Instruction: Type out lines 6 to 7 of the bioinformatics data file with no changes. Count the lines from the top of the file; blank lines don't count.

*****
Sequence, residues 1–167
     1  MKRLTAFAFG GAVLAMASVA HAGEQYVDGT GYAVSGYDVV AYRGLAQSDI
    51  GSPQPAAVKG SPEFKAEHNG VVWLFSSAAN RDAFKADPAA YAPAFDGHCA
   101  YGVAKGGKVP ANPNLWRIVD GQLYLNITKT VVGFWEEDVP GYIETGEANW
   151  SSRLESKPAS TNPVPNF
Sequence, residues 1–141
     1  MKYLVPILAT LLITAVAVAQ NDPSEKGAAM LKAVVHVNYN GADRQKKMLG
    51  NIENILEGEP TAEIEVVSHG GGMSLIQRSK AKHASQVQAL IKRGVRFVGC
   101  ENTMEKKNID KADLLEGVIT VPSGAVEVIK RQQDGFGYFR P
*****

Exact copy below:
Sequence, residues 1–141
     1  MKYLVPILAT LLITAVAVAQ NDPSEKGAAM LKAVVHVNYN GADRQKKMLG